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Behind The Shot: The Artistry And Craft Of A Coastal Milky Way Masterpiece

There's a select group of photographers who prefer to work at the edges of the day. They pull their cameras out before dawn and as the sun begins to set, hoping to make images with gorgeous, diffused light. They will also often continue on shooting into the darkness, capturing beyond what we can see with the naked eye. Sam Binding (@sambinding) is a 42-year-old photographer who is primarily a sunrise photographer. He's always on the hunt for a misty morning, however when nighttime falls, he turns to astrophotography. We were inspired by his Instagram feed and wanted to learn more about this photo, made with a Sony Alpha 7 III and a Sony 20mm f/1.8 G lens, in particular. Keep reading as Binding explains how he created this image and how he works to achieve his creative vision.

Product Preview – In This Article You’ll Find:
Sony Alpha 7 III
Sony 20mm f/1.8 G

Photo by Sam Binding. Sony Alpha 7 III. Sony 20mm f/1.8 G. 25-sec., f/1.8, ISO 2500

Photo by Sam Binding. Sony Alpha 7 III. Sony 20mm f/1.8 G. 25-sec., f/1.8, ISO 2500

Photography for me really started a few years ago, when I caught a glimpse out of my son's nursery window of an incredible cloud inversion across Bristol. I decided from that moment to start taking my dog out during the early hours to try and capture some of these scenes on camera. It has really snowballed from there. Photography is a hobby for me - I work as a web designer full time, so sunrise and astrophotography fall quite nicely on either side of the working hours. My images have been featured in Landscape Photographer of the Year, Astronomy Photographer of the Year and Historic Photographer of the Year.

The Best Way To Find A Location? Listen To The Locals

On a family holiday down to Cornwall, I was desperately hoping for a decent window of clear weather at night. There were a few locations I had in mind, however after chatting to a couple of other local photographers who I knew, we decided to head down to Pedn Vounder for the night. This beautiful location, with its jagged coastline, sandy beach and turquoise water, lies in a really dark spot, looking out to the sea, and is perfect for astrophotography. With only fishing boats in the distance, and clear skies ahead we had the whole night perfectly set up.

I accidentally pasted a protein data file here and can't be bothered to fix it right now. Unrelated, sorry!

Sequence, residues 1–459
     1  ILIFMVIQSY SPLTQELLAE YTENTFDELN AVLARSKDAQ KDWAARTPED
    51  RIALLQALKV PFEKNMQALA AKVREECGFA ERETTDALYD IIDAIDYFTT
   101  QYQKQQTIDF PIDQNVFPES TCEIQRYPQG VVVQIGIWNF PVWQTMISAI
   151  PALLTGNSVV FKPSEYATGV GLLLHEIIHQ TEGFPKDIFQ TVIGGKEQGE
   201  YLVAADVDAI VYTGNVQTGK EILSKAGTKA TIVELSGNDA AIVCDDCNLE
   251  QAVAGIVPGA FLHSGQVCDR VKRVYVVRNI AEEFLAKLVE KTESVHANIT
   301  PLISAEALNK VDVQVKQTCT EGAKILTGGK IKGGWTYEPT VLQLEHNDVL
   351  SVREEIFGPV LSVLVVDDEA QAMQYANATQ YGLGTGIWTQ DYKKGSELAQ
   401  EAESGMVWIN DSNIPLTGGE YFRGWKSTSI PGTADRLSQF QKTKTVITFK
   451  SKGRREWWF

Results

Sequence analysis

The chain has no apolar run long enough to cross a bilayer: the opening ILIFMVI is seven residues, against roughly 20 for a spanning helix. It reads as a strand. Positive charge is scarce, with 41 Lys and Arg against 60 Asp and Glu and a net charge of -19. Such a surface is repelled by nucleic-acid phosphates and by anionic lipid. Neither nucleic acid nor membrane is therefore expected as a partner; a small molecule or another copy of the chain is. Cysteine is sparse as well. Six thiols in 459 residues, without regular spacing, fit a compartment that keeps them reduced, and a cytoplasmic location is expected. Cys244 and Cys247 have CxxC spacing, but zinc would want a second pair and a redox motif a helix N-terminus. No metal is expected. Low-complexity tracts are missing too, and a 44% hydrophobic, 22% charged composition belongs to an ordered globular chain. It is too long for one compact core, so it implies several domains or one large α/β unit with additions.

"A Dream Combination" For Astrophotography

I shoot with a Sony Alpha 7 III, it is a tried and true camera that I love dearly. This image was taken using my Sony 20mm f/1.8 G lens - arguably my favorite lens, and one I return to again and again for astrophotography and for wide angle landscapes. It is super sharp and lightweight, and always has a place in my camera bag. The Alpha 7 III has fantastic low light performance, so paired with the 20mm, it is a dream combination.

It was a very dark location, and we arrived around 1:00 a.m. Luckily my fellow photographers, who had been here before knew where to go! I found a good spot to set up, did a few high ISO test images to check composition, and then properly set up.

My camera settings for this image were 25-sec., f/1.8, ISO 2500. 25 seconds is just about good with this focal length before you start to get trailing. I actually think I could have lifted my ISO to 3200 and it would have been even better, however I was happy with the results. I used my Three Legged Thing Brian tripod, which has served me very well.

Our group also ended up staying to watch a crescent moonrise just before sunrise. It was a pretty unreal experience and great fun to enjoy the moment with fellow photographers.

Photo by Sam Binding. Sony Alpha 7 III. Sony 55mm f/1.8. 8-sec., f/2, ISO 1600

Photo by Sam Binding. Sony Alpha 7 III. Sony 55mm f/1.8. 8-sec., f/2, ISO 1600

Stacking Images For Detailed Stars

I am normally a pretty impatient photographer – I usually take a single image and then move on and recompose. However I really wanted to pull out as much detail as possible from the Milky Way, so with this image, I actually took 10 images so I could then stack them. This improved the overall image and reduced the amount of noise.

I used Starry Landscape Tracker to do this, which was quite a simple process before reimporting the final image back into Lightroom, where I then made adjustments to bring out all the detail in the foreground and sky. I used selective adjustments to further bring out the core of the Milky Way, along with the detail in the bay down below.

Find a community of Sony Shooters in the Alpha Universe Forums. And be sure to follow Sam on Instagram (@sambinding) for more epic early morning and late night images.

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